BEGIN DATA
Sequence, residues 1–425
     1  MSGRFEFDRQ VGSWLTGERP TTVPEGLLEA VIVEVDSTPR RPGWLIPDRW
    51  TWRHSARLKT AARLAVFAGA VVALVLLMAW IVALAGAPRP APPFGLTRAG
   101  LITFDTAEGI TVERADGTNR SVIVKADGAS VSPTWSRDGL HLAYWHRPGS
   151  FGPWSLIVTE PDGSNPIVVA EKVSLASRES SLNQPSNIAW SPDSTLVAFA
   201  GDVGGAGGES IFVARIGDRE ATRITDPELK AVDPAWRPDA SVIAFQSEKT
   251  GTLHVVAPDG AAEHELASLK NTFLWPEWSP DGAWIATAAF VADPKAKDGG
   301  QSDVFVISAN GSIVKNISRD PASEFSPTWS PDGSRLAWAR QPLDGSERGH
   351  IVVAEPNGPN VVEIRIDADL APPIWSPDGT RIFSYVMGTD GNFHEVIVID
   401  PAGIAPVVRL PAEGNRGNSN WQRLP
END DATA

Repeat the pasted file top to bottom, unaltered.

Sequence, residues 1–425
     1  MSGRFEFDRQ VGSWLTGERP TTVPEGLLEA VIVEVDSTPR RPGWLIPDRW
    51  TWRHSARLKT AARLAVFAGA VVALVLLMAW IVALAGAPRP APPFGLTRAG
   101  LITFDTAEGI TVERADGTNR SVIVKADGAS VSPTWSRDGL HLAYWHRPGS
   151  FGPWSLIVTE PDGSNPIVVA EKVSLASRES SLNQPSNIAW SPDSTLVAFA
   201  GDVGGAGGES IFVARIGDRE ATRITDPELK AVDPAWRPDA SVIAFQSEKT
   251  GTLHVVAPDG AAEHELASLK NTFLWPEWSP DGAWIATAAF VADPKAKDGG
   301  QSDVFVISAN GSIVKNISRD PASEFSPTWS PDGSRLAWAR QPLDGSERGH
   351  IVVAEPNGPN VVEIRIDADL APPIWSPDGT RIFSYVMGTD GNFHEVIVID
   401  PAGIAPVVRL PAEGNRGNSN WQRLP